WILLiS AND BEQUESTS. The will of General George Powell Higglnson, colonel of the 94th Foot, of Wilton-crescent, Belgrave- square, waa proved in London, on the 5th ult., by his son, Mr. George Wontworth Alexander Higginson, the acting executor, power being reserved to his relict, the Eight Hon. Lady Frances Elizabeth Higginson, daughter of the first Earl of Kilmorey. The gallant general had greatly distinguished himself in several engagements, and was for many years a stair officer, and attained to the age of 78, and died April 19, 1866, at Cannes, in France. His will is dated August 27, 1832, and a codicil oa the 9th of October follow- ing. He bequeaths to his relict, Lady Frances, his plate, furniture, and effects at his reEidence, i Wilton-crescent, and a life interest in the bulk of his property; and leaves her ladyship the residue of his property absolutely; and upon her decease, bequeaths all his shares in the Sun Fire and Life Offices to his daughter Frances and also, on the decease of her ladyship, leaves to each of his two daughters £ 10,000. He devises his estate and residence, The Crofts, at Great Marlow, Bucks, to his son, the said George W. A. Higginson, but charged with the pay- ment of an annuity of £ 200 during the life of Lady Frances. The will of Sir Brook Kay, Bart., late of Belvedere, Erith, formerly of Dover, Cheltenham, Sherborne, and some time residing at Avranches, France, was proved in London, on the 5th inst., by the acting executors 'n. and trustees, Mr. Henry Tylee, Easex street, Strand, and Mr. William Algernon Kay, power being reserved to the other executors and trus- tees, Lady Kay, the relict, and Mr. Edmund Hink'nson. The testator was formerly m the naval service of the East India Company, and ir descended, maternally, from Sir Brook Watson, M. TL Mavor of London, and from wnom tae tew'rifffiwd by patat..Sir Broot K«y was twiTmarried, and leaves a family, and is succeeded by his son, now Sir Brook Kay, Bart. Ike testa or dfed, May 16, at the age of 86, having executed ma will April 12, 1854, and a codicil,i^ov. 14 lo59. Sir Brook has bequeathed to his wiaow, Lady Kay, ail his furniture, books, pictures, &c., absolutely, and leaves to her ladyship a life interest to ba derived from his estates in Middlesex, and Sherborne, Dorset, and his shares in the Sun Fire Office and stock in Scotch mines; the capital, at her decease, to ba divided equally amongst her younger children—his eldact son, now the baronet, being amply provided for under the will o £ Ms uncle (the testator's brother), i gir Wm, Kay, B?.rt>,■—Illustrated London News.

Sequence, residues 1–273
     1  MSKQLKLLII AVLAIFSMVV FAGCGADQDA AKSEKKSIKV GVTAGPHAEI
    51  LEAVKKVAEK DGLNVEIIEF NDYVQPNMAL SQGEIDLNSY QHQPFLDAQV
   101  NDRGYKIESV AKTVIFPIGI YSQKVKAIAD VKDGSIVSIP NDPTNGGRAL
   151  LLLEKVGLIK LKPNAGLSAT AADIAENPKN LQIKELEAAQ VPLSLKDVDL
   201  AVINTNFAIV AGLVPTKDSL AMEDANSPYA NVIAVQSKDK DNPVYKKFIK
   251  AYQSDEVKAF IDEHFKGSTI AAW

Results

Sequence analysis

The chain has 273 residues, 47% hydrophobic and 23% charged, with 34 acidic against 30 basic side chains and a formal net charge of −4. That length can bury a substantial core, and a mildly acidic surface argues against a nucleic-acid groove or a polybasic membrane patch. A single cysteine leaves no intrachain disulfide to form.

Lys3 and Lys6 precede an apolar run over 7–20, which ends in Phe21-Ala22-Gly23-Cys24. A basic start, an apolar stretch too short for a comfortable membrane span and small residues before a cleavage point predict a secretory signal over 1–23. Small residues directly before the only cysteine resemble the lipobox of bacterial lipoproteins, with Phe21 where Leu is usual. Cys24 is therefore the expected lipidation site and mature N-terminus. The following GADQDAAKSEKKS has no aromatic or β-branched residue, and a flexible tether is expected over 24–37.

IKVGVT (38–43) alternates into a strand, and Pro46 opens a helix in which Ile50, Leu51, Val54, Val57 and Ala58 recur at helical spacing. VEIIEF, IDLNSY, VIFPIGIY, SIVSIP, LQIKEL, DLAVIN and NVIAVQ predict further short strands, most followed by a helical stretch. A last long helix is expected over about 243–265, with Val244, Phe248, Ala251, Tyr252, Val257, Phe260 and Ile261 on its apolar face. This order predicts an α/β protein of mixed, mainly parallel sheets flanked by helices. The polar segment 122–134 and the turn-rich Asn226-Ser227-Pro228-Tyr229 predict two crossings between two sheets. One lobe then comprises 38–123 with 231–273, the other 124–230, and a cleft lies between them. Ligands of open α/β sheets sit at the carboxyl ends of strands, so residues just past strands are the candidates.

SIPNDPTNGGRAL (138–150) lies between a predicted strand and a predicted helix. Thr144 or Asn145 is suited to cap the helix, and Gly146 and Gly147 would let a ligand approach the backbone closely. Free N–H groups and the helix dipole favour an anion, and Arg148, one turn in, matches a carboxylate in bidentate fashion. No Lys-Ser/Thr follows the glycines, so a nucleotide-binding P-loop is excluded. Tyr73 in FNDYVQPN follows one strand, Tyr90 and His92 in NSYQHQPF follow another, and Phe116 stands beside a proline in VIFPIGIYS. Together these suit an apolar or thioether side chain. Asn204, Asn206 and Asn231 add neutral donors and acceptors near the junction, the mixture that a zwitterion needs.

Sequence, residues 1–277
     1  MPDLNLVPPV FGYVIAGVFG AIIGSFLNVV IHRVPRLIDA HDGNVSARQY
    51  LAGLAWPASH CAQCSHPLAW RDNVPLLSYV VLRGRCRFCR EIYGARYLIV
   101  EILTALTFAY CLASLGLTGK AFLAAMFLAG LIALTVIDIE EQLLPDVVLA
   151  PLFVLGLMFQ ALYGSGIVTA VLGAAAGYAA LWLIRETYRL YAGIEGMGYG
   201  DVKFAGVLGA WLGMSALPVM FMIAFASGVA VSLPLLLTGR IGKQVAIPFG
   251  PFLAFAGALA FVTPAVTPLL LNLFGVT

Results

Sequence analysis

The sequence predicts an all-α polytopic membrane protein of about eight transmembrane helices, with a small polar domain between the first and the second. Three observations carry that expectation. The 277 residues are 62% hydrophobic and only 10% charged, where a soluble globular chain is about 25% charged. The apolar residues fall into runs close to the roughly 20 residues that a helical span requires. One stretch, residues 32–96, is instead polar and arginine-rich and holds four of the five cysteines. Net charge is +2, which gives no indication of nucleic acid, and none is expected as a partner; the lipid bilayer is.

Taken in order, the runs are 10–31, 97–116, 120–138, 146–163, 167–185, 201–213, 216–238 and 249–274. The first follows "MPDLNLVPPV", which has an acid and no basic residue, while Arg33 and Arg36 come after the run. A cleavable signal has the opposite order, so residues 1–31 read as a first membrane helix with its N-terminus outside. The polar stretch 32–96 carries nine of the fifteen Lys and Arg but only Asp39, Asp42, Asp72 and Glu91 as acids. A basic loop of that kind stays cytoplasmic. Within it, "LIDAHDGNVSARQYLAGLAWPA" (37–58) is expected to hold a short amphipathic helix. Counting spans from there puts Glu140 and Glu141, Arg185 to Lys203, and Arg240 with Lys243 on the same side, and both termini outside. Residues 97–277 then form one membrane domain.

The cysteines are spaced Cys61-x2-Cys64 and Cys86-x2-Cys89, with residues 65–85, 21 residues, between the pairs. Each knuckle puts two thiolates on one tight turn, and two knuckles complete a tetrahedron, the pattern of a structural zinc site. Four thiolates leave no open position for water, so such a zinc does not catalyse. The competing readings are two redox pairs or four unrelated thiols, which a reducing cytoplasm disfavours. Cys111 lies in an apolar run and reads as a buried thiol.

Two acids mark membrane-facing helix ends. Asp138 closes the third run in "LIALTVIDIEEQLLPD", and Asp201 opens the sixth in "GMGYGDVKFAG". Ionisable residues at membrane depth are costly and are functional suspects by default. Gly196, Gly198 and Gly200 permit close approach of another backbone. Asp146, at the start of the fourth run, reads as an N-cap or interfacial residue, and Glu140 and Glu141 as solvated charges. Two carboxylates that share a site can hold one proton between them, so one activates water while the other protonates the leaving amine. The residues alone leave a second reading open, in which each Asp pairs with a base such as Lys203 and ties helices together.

Derbye hys Straite Fytte.
Derbye hys Straite Fytte. We go," Lord Darbye sayd, "I wot, To battel at short call. Sirrah, what armour hast thou got To harness me withal ? Some newer mail I fain wolde trye (An ytt were not too deere) a Than this, which hath bsene layinge In halle these seven long years.' Lo here," my lord," Disraeli said, I With standard on ytts cre8t8, The helmet for your lordschipp's head; Thys corselet for youre breasto And here, syr, is your gorget, too, Your cuissea eke," sayd hae, And all the rest, in order due, To arm you cap-a-pie." The stout Earl of Derbye dyd strains Rys armour old to don; But ytt aside so long hadd laine, He colde not gett ytt on. His hauberk now dyd pinch him sore, (Ytt was all over rust); Hys steel hose met not as of yore, And otherwhere they bust. G ramercy, thys is alle too tyght; Thou art a sorry knave. In these thinges I can never fight," Syr, they bae all we have." Colde none be bought, or hadd for hire, Of any larger kinde ? Syr, they are, as I'ma your true squier, The beste that I colde finde." Well, try an they will buckle to, Sith 'twill no better bee; And wee wyll see what we can doo," Sayd then the Lord Derbye. Now, good Seynt George, stretch thou the mayle Thatt I have soe outgrowne, And then, perchanco, I shall nott fay la Some while to hold myne own."